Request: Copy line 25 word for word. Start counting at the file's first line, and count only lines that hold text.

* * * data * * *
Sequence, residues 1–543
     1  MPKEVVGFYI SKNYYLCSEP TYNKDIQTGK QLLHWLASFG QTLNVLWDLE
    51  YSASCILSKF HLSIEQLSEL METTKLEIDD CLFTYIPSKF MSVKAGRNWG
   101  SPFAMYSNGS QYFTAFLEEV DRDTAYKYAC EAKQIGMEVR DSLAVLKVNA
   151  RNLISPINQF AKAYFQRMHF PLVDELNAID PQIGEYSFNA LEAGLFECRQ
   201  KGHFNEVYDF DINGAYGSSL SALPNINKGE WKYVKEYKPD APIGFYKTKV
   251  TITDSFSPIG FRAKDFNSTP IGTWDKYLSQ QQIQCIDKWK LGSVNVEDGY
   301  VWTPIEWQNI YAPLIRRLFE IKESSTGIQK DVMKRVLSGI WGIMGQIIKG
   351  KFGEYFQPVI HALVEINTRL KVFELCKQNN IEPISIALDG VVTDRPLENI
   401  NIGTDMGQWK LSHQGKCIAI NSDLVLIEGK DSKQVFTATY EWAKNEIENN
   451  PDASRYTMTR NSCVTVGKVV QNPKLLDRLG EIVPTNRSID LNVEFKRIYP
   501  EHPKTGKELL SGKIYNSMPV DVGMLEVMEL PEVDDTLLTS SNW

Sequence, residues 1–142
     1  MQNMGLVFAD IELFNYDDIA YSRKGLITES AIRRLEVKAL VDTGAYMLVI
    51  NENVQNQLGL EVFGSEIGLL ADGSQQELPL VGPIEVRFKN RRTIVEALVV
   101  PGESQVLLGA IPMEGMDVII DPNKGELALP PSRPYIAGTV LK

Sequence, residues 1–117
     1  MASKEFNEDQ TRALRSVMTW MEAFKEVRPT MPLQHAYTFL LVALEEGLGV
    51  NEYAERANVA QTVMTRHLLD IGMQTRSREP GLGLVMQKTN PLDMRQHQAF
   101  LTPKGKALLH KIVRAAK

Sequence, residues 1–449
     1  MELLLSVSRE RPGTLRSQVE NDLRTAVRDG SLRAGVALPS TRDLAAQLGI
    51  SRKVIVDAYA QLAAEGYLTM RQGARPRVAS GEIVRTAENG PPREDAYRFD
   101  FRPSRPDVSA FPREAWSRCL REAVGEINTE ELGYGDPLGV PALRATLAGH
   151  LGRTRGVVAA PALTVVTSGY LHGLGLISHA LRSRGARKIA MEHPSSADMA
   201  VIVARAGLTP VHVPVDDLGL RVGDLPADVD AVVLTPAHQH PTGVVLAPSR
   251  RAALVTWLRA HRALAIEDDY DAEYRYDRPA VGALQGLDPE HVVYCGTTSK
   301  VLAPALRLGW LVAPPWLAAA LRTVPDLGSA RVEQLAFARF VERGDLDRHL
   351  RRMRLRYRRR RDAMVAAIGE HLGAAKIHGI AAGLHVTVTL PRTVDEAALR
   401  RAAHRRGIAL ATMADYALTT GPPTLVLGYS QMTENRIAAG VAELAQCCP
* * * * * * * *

   151  LGRTRGVVAA PALTVVTSGY LHGLGLISHA LRSRGARKIA MEHPSSADMA